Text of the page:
- FDM fused deposition modelling
- FFF fused filament fabrication
Fused deposition modelling or fused filament fabrication is essentially the same process. It is a method of rapid prototyping that works by laying down consecutive layers of material at high temperature. This material is extruded through a heated nozzle into a fine filament and is laid down onto a heated bed to form the shape of one slice or section of the model being printed. Once complete, the bed moves away from the nozzle and the process is continued for the next layer and so-on until the model is complete.
This method of additive manufacturing is extremely cost-effective and quality models with good mechanical properties can be produced rapidly. One major drawback is that because the individual layers rely on the heat of the extruded filament to ‘fuse’ to the layer underneath, this creates a weakness between layers so great care has to be taken in selecting the most suitable orientation for printing, maximising the strength of the part in it most critical direction.
In spite of this limitation, FDM or FFF remains one of the most popular methods of rapid prototyping due to the relative low costs involved.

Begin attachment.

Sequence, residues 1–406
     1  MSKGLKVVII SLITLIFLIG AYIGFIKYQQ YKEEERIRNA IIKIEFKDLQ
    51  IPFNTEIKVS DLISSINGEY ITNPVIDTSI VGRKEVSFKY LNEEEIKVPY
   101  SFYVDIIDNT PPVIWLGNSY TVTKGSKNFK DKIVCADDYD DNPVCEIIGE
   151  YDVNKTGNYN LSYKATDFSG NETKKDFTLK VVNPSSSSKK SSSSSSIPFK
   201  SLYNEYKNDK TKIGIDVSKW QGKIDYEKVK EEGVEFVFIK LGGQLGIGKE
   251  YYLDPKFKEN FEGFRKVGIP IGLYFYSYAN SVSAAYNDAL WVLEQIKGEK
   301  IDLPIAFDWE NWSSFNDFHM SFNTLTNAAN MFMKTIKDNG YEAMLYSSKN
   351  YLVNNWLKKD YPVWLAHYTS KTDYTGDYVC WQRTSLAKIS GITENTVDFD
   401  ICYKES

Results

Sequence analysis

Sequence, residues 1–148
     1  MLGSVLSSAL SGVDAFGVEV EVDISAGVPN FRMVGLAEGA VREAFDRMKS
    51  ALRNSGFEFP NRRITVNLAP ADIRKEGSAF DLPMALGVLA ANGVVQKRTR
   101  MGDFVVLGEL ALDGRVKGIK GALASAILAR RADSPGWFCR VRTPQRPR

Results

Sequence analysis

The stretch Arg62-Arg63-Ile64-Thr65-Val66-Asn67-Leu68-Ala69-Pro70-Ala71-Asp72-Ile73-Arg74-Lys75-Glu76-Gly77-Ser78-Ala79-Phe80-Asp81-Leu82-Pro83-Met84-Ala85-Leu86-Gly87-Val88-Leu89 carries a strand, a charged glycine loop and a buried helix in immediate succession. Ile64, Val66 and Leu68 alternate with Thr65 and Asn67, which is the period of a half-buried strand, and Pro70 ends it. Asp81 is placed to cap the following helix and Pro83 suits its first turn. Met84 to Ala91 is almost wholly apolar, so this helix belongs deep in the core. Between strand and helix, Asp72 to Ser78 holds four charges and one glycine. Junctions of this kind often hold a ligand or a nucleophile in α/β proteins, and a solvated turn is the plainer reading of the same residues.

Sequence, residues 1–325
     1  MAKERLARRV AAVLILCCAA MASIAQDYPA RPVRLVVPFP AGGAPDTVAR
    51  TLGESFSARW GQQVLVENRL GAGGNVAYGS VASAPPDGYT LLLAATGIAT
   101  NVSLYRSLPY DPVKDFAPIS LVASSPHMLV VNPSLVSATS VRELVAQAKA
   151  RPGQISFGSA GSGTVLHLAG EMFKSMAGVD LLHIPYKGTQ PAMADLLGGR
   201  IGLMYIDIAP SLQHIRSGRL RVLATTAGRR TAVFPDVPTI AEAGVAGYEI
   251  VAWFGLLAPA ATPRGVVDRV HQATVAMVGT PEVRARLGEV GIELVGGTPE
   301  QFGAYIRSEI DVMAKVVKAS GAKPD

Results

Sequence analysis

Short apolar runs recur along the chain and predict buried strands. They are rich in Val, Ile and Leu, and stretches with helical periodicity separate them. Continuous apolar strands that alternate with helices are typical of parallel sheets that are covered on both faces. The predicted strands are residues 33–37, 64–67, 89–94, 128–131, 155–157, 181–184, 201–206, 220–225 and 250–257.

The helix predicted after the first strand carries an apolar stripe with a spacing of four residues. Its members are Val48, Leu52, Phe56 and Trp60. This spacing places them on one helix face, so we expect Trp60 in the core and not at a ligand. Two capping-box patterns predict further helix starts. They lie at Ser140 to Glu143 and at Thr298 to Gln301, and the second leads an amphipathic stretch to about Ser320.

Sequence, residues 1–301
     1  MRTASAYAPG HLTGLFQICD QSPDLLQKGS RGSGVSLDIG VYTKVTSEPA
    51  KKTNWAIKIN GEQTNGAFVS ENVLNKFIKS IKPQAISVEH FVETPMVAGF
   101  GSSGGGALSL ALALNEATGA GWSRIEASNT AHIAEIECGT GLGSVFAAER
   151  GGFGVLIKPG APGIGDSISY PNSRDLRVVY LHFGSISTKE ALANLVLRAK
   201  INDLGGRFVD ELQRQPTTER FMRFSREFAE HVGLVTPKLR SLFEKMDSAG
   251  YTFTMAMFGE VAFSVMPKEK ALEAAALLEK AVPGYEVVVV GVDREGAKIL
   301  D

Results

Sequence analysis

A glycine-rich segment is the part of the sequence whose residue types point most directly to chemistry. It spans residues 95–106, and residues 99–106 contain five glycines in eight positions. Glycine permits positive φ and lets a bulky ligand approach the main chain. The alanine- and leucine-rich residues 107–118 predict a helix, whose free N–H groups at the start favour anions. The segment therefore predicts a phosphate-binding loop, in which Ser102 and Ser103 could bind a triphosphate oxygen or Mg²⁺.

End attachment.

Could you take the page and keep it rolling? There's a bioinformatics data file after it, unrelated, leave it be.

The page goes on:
SLS selective laser sintering
SLS is a technology used for creating some of the most accurate and mechanically useful rapid prototypes available. It is probably the most versatile of all the technologies due to the fact that the finished parts are so durable. Many projects base their key milestone decisions on SLS manufactured parts.
The process starts with a bulk material which is held in powder form within the machine. A high energy pulse laser fuses the material together to form the
shape of the part and once complete, it is a simple process of removing the part from the powder. There is almost no post-processing required as supports are not needed for this method of production.
SLA is a form of additive manufacturing that uses UV lasers to harden a liquid plastic resin called a photopolymer. The models are built layer by layer in very high resolution and the finished parts can have the finest detail of any 3D printing technology.
The quality is so good that this form of manufacture is commonly used to create master parts that are then used to make silicon mould tools. These tools can be used to cast parts from materials that are almost indistinguishable from fully injection moulded items and is a very cost effective method for low volume production.
Fully machined parts from production type materials are gaining in popularity due to the fact that the resulting models are as close as it is possible to get to having the final mechanical and chemical properties.
Using high-speed 3, 4 or even 5 axis CNC machines, specialists in this area can produce parts surprisingly economically. These parts can then be used directly for compliance and mechanical testing of products, greatly reducing the overall time to market.